Introduction and Importance:
The killing effect of heat on microorganisms has long been known. Heat is fast, reliable, and relatively inexpensive, and it does not introduce chemicals to a substance, as disinfectants sometimes do. A visit to any supermarket will demonstrate that heat preserved canned goods represent one of the most common methods of food preservation. Laboratory media and glassware, and hospital instruments, are also usually sterilized by heat.
Mode of Action:
Above maximum growth temperatures, biochemical changes in the cell's organic molecules result in its death. These changes arise from alterations on enzyme molecules and the resultant changes to the three dimensional shape of proteins inactivate proteins or chemical breakdown of structural molecules, especially in cell membranes. Heat also droves off water, and since all organisms depend on water, this loss may be fatal. Heat appears to kill microorganisms by denaturing their enzymes.
Principles and Applications of Heat Killing:
Heat—Preferred Agent of Sterilization:
Heat is preferred agent of sterilization for all material not damaged by it. It rapidly penetrates thick materials not easily penetrated by chemical agents.
Measurements to Determine Killing Power:
The killing rate of heat may be expressed as a function of time and temperature. For example, tubercle bacilli are destroyed in 30 minutes at 58oC, but in only 2 minutes at 65oC, and in a few seconds at 72oC. Several measurements have been defined to quantify and killing power of heat. The thermal death point is the temperature that kills all the bacteria in a 24-hour-old broth culture at neutral pH in 10 minutes. Factor to be considered in sterilization is the length of time required.The thermal death time is the time required to kill all the bacteria in a particular culture at a specified temperature. Both TDP and TDT are useful guidelines that indicate the severity of treatment required to kill a given population of bacteria.
Decimal reduction time (DRT or D value) is a third concept related to bacterial heat resistance. DRT is the time, in minutes, in which 90% of a population of bacteria at a given temperature will be killed (in table 1, DRT is 1 minute). (The temperature is indicated by a subscript: D80°C, for example.)
Microbial Death Rate: An Example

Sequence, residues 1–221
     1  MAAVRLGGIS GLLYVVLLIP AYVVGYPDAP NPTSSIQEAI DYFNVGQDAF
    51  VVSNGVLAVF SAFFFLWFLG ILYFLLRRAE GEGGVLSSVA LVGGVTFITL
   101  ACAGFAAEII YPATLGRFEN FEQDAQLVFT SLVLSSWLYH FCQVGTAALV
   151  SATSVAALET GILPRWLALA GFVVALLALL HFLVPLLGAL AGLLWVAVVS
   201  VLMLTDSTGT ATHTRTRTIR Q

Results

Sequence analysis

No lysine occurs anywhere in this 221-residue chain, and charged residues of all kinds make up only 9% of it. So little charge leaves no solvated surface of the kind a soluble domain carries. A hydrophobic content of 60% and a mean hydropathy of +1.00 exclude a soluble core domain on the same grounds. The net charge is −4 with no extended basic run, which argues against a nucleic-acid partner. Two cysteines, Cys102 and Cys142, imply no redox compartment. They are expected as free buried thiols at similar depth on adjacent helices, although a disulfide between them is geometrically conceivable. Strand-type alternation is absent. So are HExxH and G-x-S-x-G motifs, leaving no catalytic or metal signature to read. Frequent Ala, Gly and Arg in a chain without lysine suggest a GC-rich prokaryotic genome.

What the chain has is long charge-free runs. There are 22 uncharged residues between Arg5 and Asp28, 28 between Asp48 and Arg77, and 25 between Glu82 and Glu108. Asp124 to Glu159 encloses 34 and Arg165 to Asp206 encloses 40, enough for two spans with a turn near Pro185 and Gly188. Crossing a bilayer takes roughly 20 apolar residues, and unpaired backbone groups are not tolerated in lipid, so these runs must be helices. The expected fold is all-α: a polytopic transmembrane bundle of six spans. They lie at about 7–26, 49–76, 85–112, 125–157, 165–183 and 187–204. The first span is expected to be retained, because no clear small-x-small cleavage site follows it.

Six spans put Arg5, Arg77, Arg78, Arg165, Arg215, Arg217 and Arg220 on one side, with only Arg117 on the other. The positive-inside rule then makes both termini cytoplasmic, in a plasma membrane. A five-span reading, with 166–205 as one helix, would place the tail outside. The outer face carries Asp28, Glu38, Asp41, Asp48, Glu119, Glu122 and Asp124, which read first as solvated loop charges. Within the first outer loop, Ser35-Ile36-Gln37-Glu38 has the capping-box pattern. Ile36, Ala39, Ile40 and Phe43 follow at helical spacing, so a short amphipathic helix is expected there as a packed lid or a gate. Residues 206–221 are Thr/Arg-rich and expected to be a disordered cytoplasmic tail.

Death per Minute
Number of Survivors
Significance of Measurements:
These measurements have practical significance in industry as well as in the laboratory. For example, a food-processing technician wanting to sterilize a food as quickly as possible would determine the thermal death point of the most resistant organisms that might be present in the food and would employ that temperature. In another situation it might be preferable to make the food safe for human consumption by processing foods containing proteins that would be denatured, thereby altering their flavor or consistency. The processor would then need to know the thermal death time at the desired temperature for the most resistant organism likely to be in the food.
Factors Important for Determination of Time and Temperature:
When determining the time and temperature for microbial destruction with heat, certain factors bear consideration.
1) Type of Organism:
One factor is the type of organism to be killed. For example, if materials are to be sterilized, the physical method must be directed at bacterial spores. Milk, however, need not be sterile for consumption, and heat is therefore aimed at the most resistant vegetative cells.
2) Type of Material:
Second factor is the type of material to be treated. Powder is subjected to dry heat rather than moist heat, because moist heat will leave it soggy. Saline solutions, by contrast, can be sterilized with moist heat but are not easily treated with dry heat.
3) Presence of Organic, Acidic or Basic Material:
Third important factor is the presence of organic matter and the acidic or basic nature of the material. Organic matter may prevent heat from reaching microorganisms, while acidity or alkalinity may encourage the lethal action of heat.